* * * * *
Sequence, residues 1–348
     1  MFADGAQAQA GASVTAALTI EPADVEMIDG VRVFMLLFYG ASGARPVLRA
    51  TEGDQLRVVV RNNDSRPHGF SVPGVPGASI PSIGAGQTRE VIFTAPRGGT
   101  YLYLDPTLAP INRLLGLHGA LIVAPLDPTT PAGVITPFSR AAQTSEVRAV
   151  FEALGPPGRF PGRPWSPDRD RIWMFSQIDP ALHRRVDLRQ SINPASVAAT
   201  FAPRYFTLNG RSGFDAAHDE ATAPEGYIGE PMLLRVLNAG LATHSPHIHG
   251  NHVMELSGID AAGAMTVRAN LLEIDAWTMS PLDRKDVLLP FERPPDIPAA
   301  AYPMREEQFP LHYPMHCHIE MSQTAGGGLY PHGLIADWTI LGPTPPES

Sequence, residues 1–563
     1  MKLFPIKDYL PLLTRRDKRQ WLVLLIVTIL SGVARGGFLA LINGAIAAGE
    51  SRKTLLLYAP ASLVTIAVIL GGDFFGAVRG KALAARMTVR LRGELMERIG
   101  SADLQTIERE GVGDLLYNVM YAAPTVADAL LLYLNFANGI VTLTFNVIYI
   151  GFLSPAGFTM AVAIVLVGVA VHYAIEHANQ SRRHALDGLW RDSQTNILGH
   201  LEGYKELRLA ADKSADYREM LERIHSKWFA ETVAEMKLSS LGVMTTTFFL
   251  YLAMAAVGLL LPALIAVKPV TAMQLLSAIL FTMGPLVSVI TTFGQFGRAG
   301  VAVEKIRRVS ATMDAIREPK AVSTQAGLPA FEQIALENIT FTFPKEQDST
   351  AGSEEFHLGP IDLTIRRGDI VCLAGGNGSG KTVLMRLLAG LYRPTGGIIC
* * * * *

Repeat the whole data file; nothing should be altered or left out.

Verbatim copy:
Sequence, residues 1–348
     1  MFADGAQAQA GASVTAALTI EPADVEMIDG VRVFMLLFYG ASGARPVLRA
    51  TEGDQLRVVV RNNDSRPHGF SVPGVPGASI PSIGAGQTRE VIFTAPRGGT
   101  YLYLDPTLAP INRLLGLHGA LIVAPLDPTT PAGVITPFSR AAQTSEVRAV
   151  FEALGPPGRF PGRPWSPDRD RIWMFSQIDP ALHRRVDLRQ SINPASVAAT
   201  FAPRYFTLNG RSGFDAAHDE ATAPEGYIGE PMLLRVLNAG LATHSPHIHG
   251  NHVMELSGID AAGAMTVRAN LLEIDAWTMS PLDRKDVLLP FERPPDIPAA
   301  AYPMREEQFP LHYPMHCHIE MSQTAGGGLY PHGLIADWTI LGPTPPES

Sequence, residues 1–563
     1  MKLFPIKDYL PLLTRRDKRQ WLVLLIVTIL SGVARGGFLA LINGAIAAGE
    51  SRKTLLLYAP ASLVTIAVIL GGDFFGAVRG KALAARMTVR LRGELMERIG
   101  SADLQTIERE GVGDLLYNVM YAAPTVADAL LLYLNFANGI VTLTFNVIYI
   151  GFLSPAGFTM AVAIVLVGVA VHYAIEHANQ SRRHALDGLW RDSQTNILGH
   201  LEGYKELRLA ADKSADYREM LERIHSKWFA ETVAEMKLSS LGVMTTTFFL
   251  YLAMAAVGLL LPALIAVKPV TAMQLLSAIL FTMGPLVSVI TTFGQFGRAG
   301  VAVEKIRRVS ATMDAIREPK AVSTQAGLPA FEQIALENIT FTFPKEQDST
   351  AGSEEFHLGP IDLTIRRGDI VCLAGGNGSG KTVLMRLLAG LYRPTGGIIC